LDS Family Services ARP Missionaries—the Reeds

Elder Paul and Sister Linda Reed

Elder Paul and Sister Linda Reed
Eastern Europe Area
Addiction Recovery Program Coordinators
Moscow, Russia

The greatest joys from serving as senior welfare missionaries are not the travel or exciting adventures, but rather those small moments when we know we’ve been led by the Lord to His children and we feel the Spirit touch their hearts. It’s usually the small things that add up to make a big difference. We are privileged to have dozens of these small moments.

For example, we were asked by two young missionaries to accompany them on a visit with a woman trying to overcome her addiction to tobacco. As we talked with her, the Spirit prompted us to testify that she may receive the help of a loving Heavenly Father because she is His beloved daughter. We explained how when she finishes this mortal life, she will have an opportunity to feel His loving arms around her as she is welcomed home. We watched her countenance change as the Spirit told her that what we were saying was true. We were able to help her, not because of any special gifts or talents we have, but simply because we were there where the Lord needed us, saying the words He put into our mouths and expressing the love He put into our hearts.

In a similar way, we feel the Spirit guide us as we make presentations to local Church leaders about the Addiction Recovery Program. Once during a stake leadership meeting, we watched a new ward Relief Society president be filled with inspiration as we spoke with the group. She was flooded with ideas about how she could help the sisters in her ward using the tools we were discussing. That ward will be immeasurably blessed because of the revelation she received. The Lord is anxious to teach and inspire His leaders. He just needs someone like us to be there to open the window.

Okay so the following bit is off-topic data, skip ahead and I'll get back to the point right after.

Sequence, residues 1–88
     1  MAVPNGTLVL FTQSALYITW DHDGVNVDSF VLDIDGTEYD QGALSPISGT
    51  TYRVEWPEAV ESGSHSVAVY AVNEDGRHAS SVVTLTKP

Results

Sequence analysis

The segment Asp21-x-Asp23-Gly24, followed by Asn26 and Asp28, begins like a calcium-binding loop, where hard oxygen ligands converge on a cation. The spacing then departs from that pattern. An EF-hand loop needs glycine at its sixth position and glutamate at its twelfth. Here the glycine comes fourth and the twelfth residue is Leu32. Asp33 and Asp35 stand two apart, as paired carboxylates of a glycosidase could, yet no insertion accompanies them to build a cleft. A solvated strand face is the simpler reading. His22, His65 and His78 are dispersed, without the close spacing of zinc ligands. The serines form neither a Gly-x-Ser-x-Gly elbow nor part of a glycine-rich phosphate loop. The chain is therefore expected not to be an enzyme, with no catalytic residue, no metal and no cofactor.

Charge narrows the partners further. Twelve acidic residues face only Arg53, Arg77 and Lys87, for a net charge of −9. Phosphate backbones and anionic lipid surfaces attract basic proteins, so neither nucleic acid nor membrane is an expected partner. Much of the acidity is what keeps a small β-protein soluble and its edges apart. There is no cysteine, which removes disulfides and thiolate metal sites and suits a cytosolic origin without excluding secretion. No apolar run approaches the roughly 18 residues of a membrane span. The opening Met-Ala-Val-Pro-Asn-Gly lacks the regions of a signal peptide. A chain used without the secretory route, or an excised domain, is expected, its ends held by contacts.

The Church is in great need of senior missionary couples, particularly in the Eastern Europe Area. Senior couples do much that young elders and sisters cannot do, and their associations with the younger elders and sisters help them be far more successful. Many senior couples hesitate to serve a full-time mission because they have a fear of proselyting, learning a new language, or having to learn new skills. We have found that on our welfare mission, none of these fears are justified. We proselyte only when we want to, we were not required to learn a new language, and the skills we brought with us tend to be just what is needed. There are also fewer rules and restrictions placed on senior missionary couples than on young elders and sisters. We are able to stay in touch, almost daily, with our children and grandchildren, our time commitments are no more than we impose on ourselves, and we have exciting adventures, going sightseeing and to cultural events and activities with other senior couples.

Already our family at home has received many miraculous blessings in the short time we’ve been here. Things we have been praying about for years are coming to pass in surprising and miraculous ways. We’re convinced this is happening, at least in part, due to our serving a mission. We personally have learned and grown very much. We are happier than we’ve ever been and look forward with joy to each new day. At the end of the day we look at each other and say, “Now that was another great adventure, wasn’t it!”

We are thoroughly enjoying our mission. It’s even better than what we expected. The Spirit is guiding us at every hand, and we feel like we’ve made some major strides already in our assignment in the Addiction Recovery Program in the Eastern Europe Area. We love being with the other missionaries, young and old, and the people we visit and live among are marvelous!